Similarly to the CDN service, some of the queries will not reach the website due to which they will not be present in the server logs. So AWStats will not track them as well. In such cases we recommend using Google Analytics to track visits on your website.
AWStats measures a lot more additional resources and queries to the website so the numbers in its statistics are considerably higher exactly because the different way it measures data.
How Does Google Analytics Work?
Google Analytics is a service for tracking and reporting visits and understanding consumer behavior. Analytics enables you to use reports, real-time data, audience data, and bandwidth data. You can learn more about your users – you can check demographics about them, if they use mobile or desktop devices, what are the direct or organic bandwidth resources to your website, you can track social networks, email campaigns, and many more.
The data collected by the tool is stored on Google servers. To use the tool you need to register on https://analytics.google.com.
Statistics in Analytics
Analytics tracks and processes considerably more data than AWStats, as only part of it concerns New Users, Users, Sessions, Pageviews, Unique Pageviews, Bounce Rate, % Exit and others.
Similar to AWStats data which differ in the way of counting are New User, Session and Pageviews.
In Analytics a New User means a visitor having a unique Client ID in the HTTP cookie. Actually a user may not be new if they have removed cookies from the browser, opened the website in another browser, if they are using an application for blocking cookies or are private browsing.
The Session in Analytics is based by default on time interval of half an hour, but it can be changed from the tool’s settings. If a user who is browsing the website, leaves it for more than 30 minutes, and then opens it again, this will be counted as two visits, two sessions. It is important to notice that for counting a new session in Analytics there may be many possible scenarios. Read more: How a Web Session in Analytics is Defined?
Pageviews – For Google Analytics, a page is counted only where a tracking code has been placed. The tool counts only HTML pages with tracking code. None of the other website resources is counted as a page. Pageview is an indicator, defined as the total number of pageviews.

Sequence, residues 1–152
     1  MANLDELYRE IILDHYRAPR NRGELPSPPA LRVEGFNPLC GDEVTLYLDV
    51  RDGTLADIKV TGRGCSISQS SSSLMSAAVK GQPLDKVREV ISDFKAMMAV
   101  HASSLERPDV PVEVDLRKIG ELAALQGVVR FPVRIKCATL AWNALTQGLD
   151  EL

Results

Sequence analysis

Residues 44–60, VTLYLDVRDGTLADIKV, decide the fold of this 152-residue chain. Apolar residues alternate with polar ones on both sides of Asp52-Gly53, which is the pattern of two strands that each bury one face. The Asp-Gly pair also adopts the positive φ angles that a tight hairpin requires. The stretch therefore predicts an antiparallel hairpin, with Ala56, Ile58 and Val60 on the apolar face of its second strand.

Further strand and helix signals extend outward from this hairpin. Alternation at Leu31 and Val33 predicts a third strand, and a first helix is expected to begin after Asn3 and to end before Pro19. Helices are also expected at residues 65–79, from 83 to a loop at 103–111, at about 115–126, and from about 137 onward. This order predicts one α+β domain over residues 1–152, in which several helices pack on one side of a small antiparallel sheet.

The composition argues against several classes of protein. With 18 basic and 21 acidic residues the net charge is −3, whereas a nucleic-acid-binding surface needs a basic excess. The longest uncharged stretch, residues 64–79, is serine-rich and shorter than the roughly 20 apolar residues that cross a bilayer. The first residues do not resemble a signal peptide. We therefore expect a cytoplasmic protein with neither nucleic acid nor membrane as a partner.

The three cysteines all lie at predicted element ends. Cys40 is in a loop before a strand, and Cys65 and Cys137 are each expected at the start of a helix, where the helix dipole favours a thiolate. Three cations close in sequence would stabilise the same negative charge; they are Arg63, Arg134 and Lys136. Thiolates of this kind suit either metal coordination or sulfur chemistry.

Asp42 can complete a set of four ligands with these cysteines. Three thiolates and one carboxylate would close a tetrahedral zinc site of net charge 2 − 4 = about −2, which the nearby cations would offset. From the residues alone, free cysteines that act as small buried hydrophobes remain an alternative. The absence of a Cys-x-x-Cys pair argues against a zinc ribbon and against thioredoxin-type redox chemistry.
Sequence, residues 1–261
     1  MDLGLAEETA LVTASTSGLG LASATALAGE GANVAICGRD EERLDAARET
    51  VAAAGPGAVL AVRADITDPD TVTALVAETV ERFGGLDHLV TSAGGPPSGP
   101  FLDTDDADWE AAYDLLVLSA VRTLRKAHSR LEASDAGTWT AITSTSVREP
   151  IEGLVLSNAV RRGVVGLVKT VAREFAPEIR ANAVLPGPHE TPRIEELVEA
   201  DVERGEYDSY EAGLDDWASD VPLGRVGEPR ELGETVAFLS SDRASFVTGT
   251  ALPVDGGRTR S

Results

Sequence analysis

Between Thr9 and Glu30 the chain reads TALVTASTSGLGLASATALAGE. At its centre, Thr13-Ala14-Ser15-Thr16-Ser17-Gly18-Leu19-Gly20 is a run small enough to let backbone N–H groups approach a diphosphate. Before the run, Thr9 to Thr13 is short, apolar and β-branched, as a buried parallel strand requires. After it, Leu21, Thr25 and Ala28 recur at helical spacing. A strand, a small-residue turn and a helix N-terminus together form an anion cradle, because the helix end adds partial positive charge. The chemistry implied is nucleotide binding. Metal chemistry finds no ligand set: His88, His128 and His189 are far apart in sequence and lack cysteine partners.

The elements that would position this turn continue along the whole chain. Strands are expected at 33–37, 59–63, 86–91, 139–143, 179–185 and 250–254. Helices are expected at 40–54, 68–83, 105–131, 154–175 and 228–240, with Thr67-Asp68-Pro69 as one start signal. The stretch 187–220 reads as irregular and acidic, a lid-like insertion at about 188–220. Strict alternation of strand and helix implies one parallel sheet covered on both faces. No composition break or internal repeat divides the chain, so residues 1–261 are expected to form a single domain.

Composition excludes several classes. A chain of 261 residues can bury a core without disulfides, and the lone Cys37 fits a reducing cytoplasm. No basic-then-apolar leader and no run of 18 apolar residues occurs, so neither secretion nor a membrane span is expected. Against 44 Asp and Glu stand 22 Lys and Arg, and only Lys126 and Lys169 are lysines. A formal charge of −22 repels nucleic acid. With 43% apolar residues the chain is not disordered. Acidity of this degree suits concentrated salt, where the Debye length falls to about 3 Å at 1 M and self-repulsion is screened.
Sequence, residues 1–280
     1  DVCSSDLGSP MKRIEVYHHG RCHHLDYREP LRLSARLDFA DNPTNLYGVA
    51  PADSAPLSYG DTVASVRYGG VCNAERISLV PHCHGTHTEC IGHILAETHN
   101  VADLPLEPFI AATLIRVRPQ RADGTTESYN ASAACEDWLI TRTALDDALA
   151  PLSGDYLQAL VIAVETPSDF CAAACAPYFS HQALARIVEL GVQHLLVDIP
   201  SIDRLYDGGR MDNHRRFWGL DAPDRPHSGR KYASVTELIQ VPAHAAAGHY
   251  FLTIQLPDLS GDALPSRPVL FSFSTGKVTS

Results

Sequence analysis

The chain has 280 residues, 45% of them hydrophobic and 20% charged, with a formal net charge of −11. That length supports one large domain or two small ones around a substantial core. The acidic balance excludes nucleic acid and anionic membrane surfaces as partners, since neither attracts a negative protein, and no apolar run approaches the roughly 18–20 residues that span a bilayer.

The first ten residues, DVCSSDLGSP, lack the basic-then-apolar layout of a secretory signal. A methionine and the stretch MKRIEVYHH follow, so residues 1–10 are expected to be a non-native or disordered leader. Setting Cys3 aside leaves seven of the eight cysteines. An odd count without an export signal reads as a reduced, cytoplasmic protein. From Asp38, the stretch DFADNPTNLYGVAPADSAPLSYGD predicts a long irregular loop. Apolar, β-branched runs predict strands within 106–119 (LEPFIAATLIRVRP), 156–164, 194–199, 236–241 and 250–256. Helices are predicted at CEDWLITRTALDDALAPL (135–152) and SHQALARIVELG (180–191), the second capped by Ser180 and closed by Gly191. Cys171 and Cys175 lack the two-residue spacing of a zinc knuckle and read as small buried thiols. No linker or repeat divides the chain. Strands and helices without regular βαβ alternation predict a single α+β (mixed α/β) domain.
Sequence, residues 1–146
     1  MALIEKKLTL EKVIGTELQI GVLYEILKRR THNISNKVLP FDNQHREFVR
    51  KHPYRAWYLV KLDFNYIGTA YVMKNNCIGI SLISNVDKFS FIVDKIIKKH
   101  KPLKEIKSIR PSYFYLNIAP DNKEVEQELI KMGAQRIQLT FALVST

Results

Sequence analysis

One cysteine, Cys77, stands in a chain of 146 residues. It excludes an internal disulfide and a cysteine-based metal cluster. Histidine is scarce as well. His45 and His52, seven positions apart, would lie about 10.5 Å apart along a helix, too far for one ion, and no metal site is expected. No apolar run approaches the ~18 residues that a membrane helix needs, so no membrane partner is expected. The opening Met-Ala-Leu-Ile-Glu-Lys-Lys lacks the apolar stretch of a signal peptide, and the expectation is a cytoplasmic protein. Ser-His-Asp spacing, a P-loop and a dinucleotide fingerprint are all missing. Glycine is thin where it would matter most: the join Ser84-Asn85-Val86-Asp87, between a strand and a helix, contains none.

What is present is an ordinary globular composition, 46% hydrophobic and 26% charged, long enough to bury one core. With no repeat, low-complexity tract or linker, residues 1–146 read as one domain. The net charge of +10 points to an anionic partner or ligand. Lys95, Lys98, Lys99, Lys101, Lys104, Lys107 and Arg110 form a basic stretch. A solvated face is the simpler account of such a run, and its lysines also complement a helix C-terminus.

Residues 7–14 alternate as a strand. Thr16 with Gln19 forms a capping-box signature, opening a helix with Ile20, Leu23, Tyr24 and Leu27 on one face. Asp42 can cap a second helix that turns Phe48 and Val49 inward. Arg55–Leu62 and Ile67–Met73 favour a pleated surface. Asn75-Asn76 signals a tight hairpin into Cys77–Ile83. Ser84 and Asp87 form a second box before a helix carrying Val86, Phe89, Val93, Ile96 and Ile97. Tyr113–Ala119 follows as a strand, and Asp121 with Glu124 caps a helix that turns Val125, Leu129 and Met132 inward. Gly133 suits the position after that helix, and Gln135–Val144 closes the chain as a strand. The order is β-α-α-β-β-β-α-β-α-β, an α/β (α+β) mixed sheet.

Analytics will count a website visit when:
- The webpage loaded contains the JS code for tracking.
Analytics will not count visits correctly when:
- The page is not completely loaded.
- The tracking code did not load.
To take advantage of all of the tool’s benefits you need more time and in-depth knowledge.
AWStats or Google Analytics? Both of them!
AWStats is the right tool for you if are looking for answers of questions like:
- Is your website crawled by bots and which are they?
- What IP addresses increase the bandwidth/number of visits the most?
- Which resource from your website loads most often and how many hits it has?
- Which are the most frequently loaded types of files and the most downloaded resources from your website?
- How much bandwidth (MB,GB) is generated by visitors?
- What error messages does the website return?
- Are there missing resources which return an error 404?
- Is there hotlinking to your website’s resources?
- How to use AWStats for analyzing the CPU time used?
Google Analytics is the right tool for you if are looking for answers of questions like:
- How many unique visitors your website has per day/week/month?
- Where users come from and what they do on the website?
- What are the keywords which lead visitors to your website and checkout/targets success?
- Can I track real-time visitors on the website? How many visitors are currently online, did they visit the website from mobile or desktop, which are the main pages they viewed?
- Which are the sources of bandwidth to the website – direct and organic bandwidth, visits from referral websites, paid search, social network bandwidth, email campaigns, etc.?
- How to track the consumer behavior on the website and the way consumers interact with the website’s content?
- What is the percentage of the visits which led to a checkout/targets success for a specific period?
- Can I track a visitor viewing the website’s different domains?
- Can I get detailed reports? Can I get my reports by email?
- I own a Shopiko store – How to make my first steps with Google Analytics?
Tip: Depending on your targets, we recommend using both of the tools. After you already know in what the two tools differ and in what way statistics are collected and processed you will be able to use each of the tools in a suitable way.
You can use AWStats to provide you with information about the bandwidth and accessed resources on the website directly from the logs generated on the server. On the other hand, you will also need Analytics which is a wonderful tool for researching, analyzing and representing the website, the consumers’ behavior and planning marketing strategies. This way you will be able to check if given promotions, posts on social networks or changes on your website achieve their goals and many other things.